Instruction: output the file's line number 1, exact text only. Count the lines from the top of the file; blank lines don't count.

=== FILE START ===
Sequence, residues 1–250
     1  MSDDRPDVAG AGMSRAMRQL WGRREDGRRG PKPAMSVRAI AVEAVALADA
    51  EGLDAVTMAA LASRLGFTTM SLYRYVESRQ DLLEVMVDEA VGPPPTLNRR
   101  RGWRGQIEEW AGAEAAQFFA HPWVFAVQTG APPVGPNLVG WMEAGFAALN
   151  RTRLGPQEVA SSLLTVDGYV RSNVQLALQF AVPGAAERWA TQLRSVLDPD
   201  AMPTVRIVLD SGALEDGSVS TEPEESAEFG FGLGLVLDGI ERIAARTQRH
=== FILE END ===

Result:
Sequence, residues 1–250